Swept up in work: My years in the Kabul office

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Family on Motorbike in Afghanistan
Afghanistan. Photo by Graham Crouch/World Bank

I spent the past 11 years working and living in Afghanistan.  I didn’t intend to stay that long in one country office, but I got swept up in the Afghanistan Reconstruction Trust Fund, which under the World Bank, was financing 50% of government expenditures earlier on.  Its budget operations grew from $600 million in 2004 to more than $5 billion in 2014.

For anyone working on public financial management, there were a lot of challenges to tackle and no good time to leave. Our work in Afghanistan is the World Bank at its best.   Moreover, Afghans are excellent hosts and have been very receptive to World Bank collaboration.  

Most interesting project

When I arrived in Kabul in 2004, Afghanistan’s public financial management system was already in place but under severe strain. Budget expenditures and related donor financing were growing at 40% annually.

But a significant share of these operations was still processed manually, the approach to control and the degree of centralization of financial control was still in debate, the legal framework was outdated and capacity in the civil service was limited.

Back then, there weren’t many best practices out there to look to for lessons.

The first few years in Kabul were taken up supporting the day-to-day treasury operations, while fathoming what reforms should be pursued and in what sequence. All this led to the design of the Public Financial Management Reform Project which would establish systems for automated payments, accounting and controls for 100 percent of the budget, a modern, robust legal framework, and the beginning of sustainable capacity in the Treasury.

At the same time, things as basic as developing the local training industry, laying the foundation for the regulation of an accounting profession, and developing the internal audit capacity across government also had to be attended to.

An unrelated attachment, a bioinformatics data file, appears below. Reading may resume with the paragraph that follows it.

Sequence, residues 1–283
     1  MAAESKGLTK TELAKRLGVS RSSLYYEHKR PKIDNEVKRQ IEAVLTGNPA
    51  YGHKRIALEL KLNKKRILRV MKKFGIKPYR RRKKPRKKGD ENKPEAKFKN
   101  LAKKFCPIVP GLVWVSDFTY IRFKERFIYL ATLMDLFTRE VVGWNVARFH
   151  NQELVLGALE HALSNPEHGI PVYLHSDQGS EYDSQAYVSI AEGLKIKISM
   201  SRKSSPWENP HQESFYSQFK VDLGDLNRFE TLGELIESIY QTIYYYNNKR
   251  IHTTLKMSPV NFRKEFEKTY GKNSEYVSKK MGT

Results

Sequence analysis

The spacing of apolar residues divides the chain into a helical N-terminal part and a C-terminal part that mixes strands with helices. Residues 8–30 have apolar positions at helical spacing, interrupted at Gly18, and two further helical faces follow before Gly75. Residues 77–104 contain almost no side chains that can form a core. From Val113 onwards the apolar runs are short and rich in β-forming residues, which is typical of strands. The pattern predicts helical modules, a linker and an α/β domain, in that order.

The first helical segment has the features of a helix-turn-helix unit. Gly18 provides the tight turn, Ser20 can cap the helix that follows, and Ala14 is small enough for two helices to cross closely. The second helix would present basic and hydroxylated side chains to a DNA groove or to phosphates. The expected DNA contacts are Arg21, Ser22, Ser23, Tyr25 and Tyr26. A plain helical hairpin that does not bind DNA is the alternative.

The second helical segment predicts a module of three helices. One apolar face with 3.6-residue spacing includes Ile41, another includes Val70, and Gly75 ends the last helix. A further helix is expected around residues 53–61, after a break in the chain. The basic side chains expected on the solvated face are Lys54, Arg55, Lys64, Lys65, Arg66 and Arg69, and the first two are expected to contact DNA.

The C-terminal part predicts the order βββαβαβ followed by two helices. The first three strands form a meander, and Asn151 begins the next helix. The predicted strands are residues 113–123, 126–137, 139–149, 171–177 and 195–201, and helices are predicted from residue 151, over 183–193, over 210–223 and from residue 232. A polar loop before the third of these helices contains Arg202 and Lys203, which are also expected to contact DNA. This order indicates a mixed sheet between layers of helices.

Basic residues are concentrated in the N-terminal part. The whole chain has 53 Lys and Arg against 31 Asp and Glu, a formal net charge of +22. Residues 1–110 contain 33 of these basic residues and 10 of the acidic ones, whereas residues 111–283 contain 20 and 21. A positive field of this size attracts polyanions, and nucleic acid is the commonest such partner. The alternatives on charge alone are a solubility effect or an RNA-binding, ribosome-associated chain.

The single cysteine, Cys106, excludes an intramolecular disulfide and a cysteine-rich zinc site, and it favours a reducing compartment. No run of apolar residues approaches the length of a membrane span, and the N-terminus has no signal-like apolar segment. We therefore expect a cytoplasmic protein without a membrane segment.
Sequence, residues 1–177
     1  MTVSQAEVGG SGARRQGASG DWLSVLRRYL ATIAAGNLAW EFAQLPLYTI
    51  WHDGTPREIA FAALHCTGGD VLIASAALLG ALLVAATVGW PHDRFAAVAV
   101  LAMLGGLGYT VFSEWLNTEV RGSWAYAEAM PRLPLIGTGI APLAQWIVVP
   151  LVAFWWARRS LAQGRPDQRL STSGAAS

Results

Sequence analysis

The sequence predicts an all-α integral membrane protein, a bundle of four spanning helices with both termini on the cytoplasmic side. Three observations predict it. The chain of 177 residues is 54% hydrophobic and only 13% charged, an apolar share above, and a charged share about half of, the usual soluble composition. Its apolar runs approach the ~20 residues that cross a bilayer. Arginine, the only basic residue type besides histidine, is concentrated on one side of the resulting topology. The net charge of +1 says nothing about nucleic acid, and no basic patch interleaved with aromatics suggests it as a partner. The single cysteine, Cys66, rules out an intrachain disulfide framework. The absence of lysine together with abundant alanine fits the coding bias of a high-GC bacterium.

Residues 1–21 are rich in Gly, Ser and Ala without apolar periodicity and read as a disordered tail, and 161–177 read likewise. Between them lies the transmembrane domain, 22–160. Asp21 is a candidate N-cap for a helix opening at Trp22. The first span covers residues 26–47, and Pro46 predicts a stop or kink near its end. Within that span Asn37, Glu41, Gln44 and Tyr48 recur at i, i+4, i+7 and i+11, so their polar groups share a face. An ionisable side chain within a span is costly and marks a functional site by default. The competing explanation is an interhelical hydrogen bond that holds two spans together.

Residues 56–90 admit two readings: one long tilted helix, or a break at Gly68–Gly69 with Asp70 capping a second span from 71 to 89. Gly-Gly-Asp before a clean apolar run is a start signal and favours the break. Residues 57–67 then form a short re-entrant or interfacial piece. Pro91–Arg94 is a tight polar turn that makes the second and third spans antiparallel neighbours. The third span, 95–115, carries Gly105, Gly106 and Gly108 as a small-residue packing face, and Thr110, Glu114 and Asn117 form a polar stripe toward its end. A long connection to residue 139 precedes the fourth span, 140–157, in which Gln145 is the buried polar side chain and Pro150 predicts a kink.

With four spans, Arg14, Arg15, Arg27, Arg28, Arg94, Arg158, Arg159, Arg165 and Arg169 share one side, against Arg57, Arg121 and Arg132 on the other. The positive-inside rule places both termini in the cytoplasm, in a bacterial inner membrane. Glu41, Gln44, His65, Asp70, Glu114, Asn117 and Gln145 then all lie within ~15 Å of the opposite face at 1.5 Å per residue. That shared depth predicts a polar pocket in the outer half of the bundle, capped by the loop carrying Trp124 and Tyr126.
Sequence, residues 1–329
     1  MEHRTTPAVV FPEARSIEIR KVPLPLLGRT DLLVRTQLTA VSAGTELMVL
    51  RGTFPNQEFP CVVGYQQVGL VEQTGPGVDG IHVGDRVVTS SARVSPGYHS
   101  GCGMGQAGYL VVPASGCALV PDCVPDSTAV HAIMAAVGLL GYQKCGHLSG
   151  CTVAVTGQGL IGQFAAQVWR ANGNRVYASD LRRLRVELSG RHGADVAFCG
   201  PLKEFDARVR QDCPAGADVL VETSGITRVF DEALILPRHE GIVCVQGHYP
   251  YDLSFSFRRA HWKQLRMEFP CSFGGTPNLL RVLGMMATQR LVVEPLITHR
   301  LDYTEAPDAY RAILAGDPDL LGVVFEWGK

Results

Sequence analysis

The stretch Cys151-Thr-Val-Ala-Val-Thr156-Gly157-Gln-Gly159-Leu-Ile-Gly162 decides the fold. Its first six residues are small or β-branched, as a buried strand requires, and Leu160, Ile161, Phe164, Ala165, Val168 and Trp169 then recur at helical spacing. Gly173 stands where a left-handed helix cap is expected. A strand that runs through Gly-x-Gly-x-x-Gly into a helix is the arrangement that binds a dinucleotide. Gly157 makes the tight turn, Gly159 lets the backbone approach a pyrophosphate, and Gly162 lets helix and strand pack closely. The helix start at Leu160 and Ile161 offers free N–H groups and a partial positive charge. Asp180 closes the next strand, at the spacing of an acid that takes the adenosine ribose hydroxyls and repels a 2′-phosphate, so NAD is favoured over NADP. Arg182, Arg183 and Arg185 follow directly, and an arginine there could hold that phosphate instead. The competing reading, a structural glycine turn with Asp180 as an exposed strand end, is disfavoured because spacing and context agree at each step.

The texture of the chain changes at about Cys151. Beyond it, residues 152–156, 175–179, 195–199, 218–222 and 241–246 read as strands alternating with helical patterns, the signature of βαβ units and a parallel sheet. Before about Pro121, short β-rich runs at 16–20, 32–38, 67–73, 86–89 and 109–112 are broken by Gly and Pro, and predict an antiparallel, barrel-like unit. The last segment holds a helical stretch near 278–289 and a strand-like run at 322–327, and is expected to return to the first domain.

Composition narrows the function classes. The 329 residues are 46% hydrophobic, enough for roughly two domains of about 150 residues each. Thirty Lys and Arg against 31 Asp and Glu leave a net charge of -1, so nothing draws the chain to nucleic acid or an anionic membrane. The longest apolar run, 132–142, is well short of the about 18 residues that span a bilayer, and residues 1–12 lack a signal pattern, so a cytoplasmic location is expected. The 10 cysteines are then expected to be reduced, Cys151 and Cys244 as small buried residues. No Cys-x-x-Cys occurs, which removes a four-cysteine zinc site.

All this tied in with the Bank’s mainstreaming of project implementation through government systems, and support for financing the recurrent cost budget, which I led. It was fast-paced, even involving trial and error in some cases. But today, public financial management in Afghanistan is considered a success and best practice for fragile states. 
How I ended up at the World Bank
After spending 20 years as a finance executive in the private sector, I was at a crossroads in my career, when I saw a batch recruitment advertisement in the Economist magazine for accountants at the World Bank.

I thought I was done with international development work since early on in my career as I had spent a few years as a lecturer at a public university in Colombia in the ‘70s under the Canadian University Services Overseas program.

But the Bank’s mission appeals to most people and it certainly did to me. Also, I knew that accounting and auditing were essential to both the public and private sector development, as I had seen the interdependence in Canada, Colombia, Costa Rica, Mexico and Venezuela where I had lived and worked in up until that point.

So, it was a straight-forward decision to apply and see what could be done with the enormous leverage that the Bank offers.

I’m retiring from the World Bank at the end of this month. Of the 17 years at the Bank, I spent 11 in Afghanistan, a non-family post. I missed out on family life and other work opportunities. However, that is the price I paid for such a rich experience working in the Afghanistan country office.


Paul Sisk

Lead Financial Management Specialist

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